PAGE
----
In this chapter, we provide information on mass transportation in California, including who uses transit; the state of repair of California’s transit assets; how the environmental impact of transit compares to driving; an overview of the planned high‑speed rail network; and recent trends in transit intercity rail; and airport ridership.


Largest Transit Systems Located in Major Urban Areas

Agency

Share of Total Ridership

Los Angeles Metro

31%

San Francisco Municipal Railway

17

Bay Area Rapid Transit

10

San Diego Metropolitan Transit System

7

Alameda‑Contra Costa Transit

4

Orange County Transportation Authority

3

Santa Clara Valley Transportation Authority

3

Long Beach Transit

2

Sacramento Regional Transit District

2

Los Angeles Department of Transportation

2

  • The state’s ten largest transit systems based on ridership accounted for 81 percent of all transit trips in 2016.
  • California commuters who use transit tend to be somewhat younger and have lower incomes than commuters who drive alone.

Transit Ridership Has Declined in Recent Years

Figure: Transit Ridership Has Declined in Recent Years
  • Over the past decade, annual transit trips have fluctuated. Transit ridership declined—likely due to the recession—from 2008 through 2010 and then increased afterward for the next four years. However, since 2014 the number of passenger trips has declined by more than 100 million, or 7.7 percent. This decline is somewhat similar to trends across the nation, particularly in many of the nation’s largest cities such as New York, Washington, and Chicago.
  • Several factors could explain the recent decline in transit ridership in California, including relatively lower gasoline prices that might have shifted some commuters to drive, the ability of undocumented immigrants to now obtain driver licenses, rising vehicle ownership in Southern California, and the growing usage of ride‑hailing services.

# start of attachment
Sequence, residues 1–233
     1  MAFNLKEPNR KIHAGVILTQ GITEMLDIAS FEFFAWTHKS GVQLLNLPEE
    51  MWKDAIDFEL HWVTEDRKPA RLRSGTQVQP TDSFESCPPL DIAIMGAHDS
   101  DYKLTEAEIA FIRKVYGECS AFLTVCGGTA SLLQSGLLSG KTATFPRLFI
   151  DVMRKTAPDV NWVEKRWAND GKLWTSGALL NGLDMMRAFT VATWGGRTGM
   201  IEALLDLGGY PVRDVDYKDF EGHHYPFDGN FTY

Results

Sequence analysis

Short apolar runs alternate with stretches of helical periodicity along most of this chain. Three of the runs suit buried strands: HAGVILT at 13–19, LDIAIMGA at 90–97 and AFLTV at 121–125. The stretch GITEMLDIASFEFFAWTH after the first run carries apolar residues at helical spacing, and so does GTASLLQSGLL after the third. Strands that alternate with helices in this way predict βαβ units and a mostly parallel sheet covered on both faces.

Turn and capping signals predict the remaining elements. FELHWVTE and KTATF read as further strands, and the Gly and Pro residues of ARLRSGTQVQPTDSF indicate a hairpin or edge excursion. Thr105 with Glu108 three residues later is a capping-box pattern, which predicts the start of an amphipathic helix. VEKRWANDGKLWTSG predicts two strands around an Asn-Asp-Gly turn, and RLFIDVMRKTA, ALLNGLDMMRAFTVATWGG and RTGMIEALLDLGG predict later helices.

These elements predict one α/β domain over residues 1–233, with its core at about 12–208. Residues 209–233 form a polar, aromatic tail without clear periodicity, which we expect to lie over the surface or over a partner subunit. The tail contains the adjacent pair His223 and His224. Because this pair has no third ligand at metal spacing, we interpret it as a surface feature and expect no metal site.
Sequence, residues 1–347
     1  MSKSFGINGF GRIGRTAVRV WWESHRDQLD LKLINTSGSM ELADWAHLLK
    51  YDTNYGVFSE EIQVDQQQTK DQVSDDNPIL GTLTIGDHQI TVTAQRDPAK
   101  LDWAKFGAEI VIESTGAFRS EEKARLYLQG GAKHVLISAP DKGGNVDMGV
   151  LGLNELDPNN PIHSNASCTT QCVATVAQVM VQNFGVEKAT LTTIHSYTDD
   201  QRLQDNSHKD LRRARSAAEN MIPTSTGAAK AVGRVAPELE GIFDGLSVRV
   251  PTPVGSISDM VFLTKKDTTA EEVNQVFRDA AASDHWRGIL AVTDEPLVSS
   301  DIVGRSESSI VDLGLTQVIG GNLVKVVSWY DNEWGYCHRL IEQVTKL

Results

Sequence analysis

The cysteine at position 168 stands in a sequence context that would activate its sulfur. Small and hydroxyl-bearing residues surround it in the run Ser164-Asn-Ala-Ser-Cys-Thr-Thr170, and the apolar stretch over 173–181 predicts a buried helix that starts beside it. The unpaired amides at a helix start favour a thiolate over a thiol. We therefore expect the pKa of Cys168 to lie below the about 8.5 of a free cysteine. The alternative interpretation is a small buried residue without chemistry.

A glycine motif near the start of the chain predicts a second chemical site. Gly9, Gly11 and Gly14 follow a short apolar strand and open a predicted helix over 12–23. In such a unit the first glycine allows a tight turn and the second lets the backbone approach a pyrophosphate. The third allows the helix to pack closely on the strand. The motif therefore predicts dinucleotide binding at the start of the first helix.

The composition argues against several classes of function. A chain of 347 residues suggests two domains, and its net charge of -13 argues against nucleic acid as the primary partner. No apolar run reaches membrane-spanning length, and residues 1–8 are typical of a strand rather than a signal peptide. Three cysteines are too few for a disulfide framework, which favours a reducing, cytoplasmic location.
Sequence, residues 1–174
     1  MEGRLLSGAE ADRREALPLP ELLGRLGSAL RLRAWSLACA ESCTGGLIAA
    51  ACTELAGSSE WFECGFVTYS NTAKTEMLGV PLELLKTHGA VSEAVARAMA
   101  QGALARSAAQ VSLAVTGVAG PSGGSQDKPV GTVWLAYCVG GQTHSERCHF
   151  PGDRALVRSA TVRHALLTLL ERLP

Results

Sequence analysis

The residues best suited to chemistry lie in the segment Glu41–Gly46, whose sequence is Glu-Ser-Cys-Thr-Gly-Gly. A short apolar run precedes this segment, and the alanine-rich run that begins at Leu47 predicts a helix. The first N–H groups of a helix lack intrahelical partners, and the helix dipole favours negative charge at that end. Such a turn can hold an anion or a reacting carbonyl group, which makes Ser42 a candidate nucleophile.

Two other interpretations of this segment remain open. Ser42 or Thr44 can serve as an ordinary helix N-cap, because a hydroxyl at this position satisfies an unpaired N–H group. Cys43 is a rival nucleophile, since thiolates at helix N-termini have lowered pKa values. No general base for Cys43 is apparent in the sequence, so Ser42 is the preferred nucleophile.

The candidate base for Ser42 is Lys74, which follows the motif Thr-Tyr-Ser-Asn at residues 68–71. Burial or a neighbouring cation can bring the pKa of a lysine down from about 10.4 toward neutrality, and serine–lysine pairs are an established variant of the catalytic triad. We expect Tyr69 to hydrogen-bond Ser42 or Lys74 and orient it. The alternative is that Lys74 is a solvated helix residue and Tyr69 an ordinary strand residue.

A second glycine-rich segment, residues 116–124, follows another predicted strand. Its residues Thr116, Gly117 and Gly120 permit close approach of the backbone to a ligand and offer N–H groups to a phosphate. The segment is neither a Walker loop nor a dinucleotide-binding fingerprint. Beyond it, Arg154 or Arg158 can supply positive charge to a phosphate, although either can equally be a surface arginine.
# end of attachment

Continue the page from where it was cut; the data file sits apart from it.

Most Transit Trips Occur on Buses

Figure: Most Transit Trips Occur on Buses
  • In 2016, two‑thirds of all transit trips in California took place by bus, with most of the remaining trips made by rail. A relatively small portion of trips were in ferries, vanpools, and “on call” vehicles that transport disabled and elderly individuals.
  • Over the past decade, however, the proportion of trips taken by bus has declined by 9 percentage points, falling from 76 percent to 67 percent. In contrast, the proportion of rail trips has increased over the same time period from 23 percent to 31 percent.

Large Share of Transit Assets Are in Need of Replacement

Figure: Large Share of Transit Assets Are in Need of Replacement
  • Based on data from transit service providers, the Federal Transit Administration determines the current physical condition of transit capital assets around the country.